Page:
IBM takes its food supply blockchain solution worldwide
- After 18 months of testing, IBM Food Trust, a blockchain-based food and supply chain solution, is "generally available," the company said Monday.
- The announcement comes alongside news France-based grocer Carrefour would also join the solution. Carrefour will use the technology first on a few branded products, which reach 12,000 stores in 33 countries, before adopting it generally by 2022.
- As of Monday, any member of the food ecosystem could sign up to join the network. Suppliers can share data at no cost, but the solution's software as a service (SaaS) modules must be purchased via subscription, according to the press release.
IBM's announcement provides one of the first real glimpses for how the technology will be commercialized for supply chains.
In each case, the participants sought to determine how the technology could, if adopted, provide full end-to-end visibility for products. And, once it did, how to make the systems interoperable.
In the end, IBM built out a modular solution to meet companies' different needs. It uses GS1 standards to communicate product data, and it is built on an open source platform to facilitate interoperability. The solution's modules include:
- Trace: The module promises to help "members of a food ecosystem" see a product's value chain journey in seconds. "A process that often takes weeks using other methods," according to the press release.
- Certifications: The module digitizes certificates, "such as organic of fair trade," boosting speed of certificate management by up to 30%, according to IBM.
- Data entry and access: A module for secure data management on the blockchain.
The modular format of the solution allows IBM to continue expanding its product as new needs arise. And, it allows the company to charge different prices depending on a company's needs.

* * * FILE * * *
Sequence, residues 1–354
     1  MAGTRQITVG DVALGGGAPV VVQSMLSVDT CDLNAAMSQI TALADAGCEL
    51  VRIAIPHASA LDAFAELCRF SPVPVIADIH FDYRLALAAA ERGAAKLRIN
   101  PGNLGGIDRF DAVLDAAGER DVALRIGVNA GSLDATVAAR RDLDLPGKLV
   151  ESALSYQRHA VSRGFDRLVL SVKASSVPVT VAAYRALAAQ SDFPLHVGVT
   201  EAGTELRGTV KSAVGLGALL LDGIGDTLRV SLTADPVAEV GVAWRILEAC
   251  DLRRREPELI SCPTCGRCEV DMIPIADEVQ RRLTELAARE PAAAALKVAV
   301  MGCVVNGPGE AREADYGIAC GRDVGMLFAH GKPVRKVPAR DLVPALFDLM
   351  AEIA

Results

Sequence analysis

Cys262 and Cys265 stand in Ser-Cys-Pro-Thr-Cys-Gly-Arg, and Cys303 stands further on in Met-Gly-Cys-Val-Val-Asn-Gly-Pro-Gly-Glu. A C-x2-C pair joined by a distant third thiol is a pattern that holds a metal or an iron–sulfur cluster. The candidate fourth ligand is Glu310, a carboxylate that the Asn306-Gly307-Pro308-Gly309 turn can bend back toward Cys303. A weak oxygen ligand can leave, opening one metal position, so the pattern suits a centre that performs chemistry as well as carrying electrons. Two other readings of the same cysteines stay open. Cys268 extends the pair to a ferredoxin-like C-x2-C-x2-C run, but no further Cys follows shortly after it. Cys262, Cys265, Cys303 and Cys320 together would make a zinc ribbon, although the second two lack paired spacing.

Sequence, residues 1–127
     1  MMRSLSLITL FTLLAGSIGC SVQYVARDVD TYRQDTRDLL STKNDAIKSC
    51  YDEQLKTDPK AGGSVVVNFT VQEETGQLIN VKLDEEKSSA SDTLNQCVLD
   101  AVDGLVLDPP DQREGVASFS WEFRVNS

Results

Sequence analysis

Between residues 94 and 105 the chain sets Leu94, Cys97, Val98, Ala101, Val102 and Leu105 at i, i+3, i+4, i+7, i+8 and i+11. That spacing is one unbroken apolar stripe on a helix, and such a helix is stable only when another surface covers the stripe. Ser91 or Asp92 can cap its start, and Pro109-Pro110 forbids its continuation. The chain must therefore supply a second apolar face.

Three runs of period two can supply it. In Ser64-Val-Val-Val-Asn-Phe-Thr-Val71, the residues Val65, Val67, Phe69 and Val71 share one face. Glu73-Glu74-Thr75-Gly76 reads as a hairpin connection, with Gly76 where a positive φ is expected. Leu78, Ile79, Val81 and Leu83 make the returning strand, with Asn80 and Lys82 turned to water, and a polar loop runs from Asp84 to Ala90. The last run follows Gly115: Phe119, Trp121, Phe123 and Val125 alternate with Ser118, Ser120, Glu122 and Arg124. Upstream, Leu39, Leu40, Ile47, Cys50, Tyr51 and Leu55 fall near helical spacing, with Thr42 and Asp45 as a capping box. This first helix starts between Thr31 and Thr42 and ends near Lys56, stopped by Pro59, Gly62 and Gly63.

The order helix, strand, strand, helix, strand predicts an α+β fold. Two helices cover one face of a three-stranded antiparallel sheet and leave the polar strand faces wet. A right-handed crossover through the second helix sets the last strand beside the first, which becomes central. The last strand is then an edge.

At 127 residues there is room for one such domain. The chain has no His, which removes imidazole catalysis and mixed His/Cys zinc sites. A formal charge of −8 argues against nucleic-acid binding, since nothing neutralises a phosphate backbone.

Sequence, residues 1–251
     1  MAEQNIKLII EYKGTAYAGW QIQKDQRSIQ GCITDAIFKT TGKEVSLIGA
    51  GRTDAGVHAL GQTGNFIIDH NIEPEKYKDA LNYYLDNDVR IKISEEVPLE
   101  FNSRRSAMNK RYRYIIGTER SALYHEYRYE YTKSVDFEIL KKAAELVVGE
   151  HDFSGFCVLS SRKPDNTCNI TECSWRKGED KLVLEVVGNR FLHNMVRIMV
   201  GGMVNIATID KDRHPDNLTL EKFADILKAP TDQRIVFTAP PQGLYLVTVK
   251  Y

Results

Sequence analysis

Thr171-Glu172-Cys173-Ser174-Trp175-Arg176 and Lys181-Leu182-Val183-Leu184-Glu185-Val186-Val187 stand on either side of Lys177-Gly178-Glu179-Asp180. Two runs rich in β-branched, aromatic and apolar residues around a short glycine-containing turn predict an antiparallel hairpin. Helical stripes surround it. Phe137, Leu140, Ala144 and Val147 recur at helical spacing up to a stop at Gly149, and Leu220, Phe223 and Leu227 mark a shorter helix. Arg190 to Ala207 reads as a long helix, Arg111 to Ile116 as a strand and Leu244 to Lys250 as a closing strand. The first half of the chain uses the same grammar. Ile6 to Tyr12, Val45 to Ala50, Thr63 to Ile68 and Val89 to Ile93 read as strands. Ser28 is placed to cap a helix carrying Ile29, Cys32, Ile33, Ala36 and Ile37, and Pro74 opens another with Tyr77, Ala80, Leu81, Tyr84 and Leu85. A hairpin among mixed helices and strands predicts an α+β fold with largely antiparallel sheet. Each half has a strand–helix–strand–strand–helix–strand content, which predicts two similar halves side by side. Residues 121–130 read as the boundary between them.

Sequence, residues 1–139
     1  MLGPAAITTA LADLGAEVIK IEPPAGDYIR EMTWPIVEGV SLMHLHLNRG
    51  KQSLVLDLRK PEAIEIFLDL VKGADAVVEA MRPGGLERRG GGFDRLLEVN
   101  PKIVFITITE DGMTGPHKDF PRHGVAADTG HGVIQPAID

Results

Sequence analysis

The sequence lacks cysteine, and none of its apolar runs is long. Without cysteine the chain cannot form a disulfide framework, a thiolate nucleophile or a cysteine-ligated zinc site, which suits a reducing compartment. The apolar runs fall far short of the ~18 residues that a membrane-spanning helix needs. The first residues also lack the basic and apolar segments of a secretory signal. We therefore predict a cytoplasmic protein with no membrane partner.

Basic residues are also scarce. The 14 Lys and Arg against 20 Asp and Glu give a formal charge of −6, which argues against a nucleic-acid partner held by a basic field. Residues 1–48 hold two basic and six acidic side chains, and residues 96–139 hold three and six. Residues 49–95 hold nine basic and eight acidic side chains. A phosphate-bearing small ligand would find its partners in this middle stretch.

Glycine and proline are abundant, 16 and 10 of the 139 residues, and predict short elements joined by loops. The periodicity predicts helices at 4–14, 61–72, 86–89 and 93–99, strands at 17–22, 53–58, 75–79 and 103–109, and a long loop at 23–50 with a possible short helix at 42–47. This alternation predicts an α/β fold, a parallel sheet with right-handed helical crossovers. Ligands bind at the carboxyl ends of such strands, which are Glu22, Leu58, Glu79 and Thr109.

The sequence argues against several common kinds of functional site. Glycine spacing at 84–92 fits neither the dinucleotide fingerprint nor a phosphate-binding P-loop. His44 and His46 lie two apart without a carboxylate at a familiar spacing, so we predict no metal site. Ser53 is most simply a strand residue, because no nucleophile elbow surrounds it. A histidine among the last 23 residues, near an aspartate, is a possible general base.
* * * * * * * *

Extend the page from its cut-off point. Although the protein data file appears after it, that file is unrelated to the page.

Of course, there is risk inherent to this model. Blockchain networks require participation from a wide array of actors in order to drive value. If a link in the chain does not participate, the goal of end-to-end traceability fails.
For that reason, early adopters are taking a product-specific approach. Walmart announced last month it would require its lettuce suppliers to join the network and Carrefour is starting implementation with its own branded products — rather than a more general slate.
IBM was careful not to make the cost prohibitive for the supply chain as a whole. Dedicated support, however, comes at a price. (IBM clarified in an email users public documentation and APIs are available to help upload the data at no cost.)
The monthly cost of IBM Food Trust varies by company size and need
|Small (<$50M)||Medium ($50M - $1B)||Large ($1B+)|
|Total, with add-ons||$3,800||$5,100||$17,700|
The solution was first conceived as a tool to address food safety and recall processes. However, "IBM Food Trust has evolved to focus on optimizing the food supply by improving shelf life and product freshness, reducing waste and making the supply chain more efficient, collaborative and transparent," according to the spokesperson.
As it becomes generally available, and widely used thanks to its global supermarket partners (like Walmart and Carrefour), IBM is paving the way for blockchain to be implemented via a software as a service business model — at least for the food industry.
- IBM IBM Food Trust Expands Blockchain Network to Foster a Safer, More Transparent and Efficient Global Food System
- IBM Infographic: How Blockchain Could Mend Our Fractured Global Food Supply Chain
- Supply Chain Dive Walmart asks lettuce suppliers to trace products using blockchain
- Supply Chain Dive Blockchain test traces Nestlé baby food ingredients
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